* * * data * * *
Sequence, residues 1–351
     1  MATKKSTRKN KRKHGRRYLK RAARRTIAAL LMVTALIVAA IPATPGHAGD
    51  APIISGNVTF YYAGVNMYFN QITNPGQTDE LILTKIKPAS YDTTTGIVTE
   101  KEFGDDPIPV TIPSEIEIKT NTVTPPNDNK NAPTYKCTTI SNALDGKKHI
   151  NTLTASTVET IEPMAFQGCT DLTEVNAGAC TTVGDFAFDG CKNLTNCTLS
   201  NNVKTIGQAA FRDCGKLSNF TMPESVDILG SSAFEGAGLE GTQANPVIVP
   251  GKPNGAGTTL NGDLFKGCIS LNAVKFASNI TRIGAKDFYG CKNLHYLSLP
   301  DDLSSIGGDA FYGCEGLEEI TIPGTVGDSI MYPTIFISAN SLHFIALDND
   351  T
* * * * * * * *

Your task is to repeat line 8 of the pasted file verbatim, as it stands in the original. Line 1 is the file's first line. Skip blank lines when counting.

   301  DDLSSIGGDA FYGCEGLEEI TIPGTVGDSI MYPTIFISAN SLHFIALDND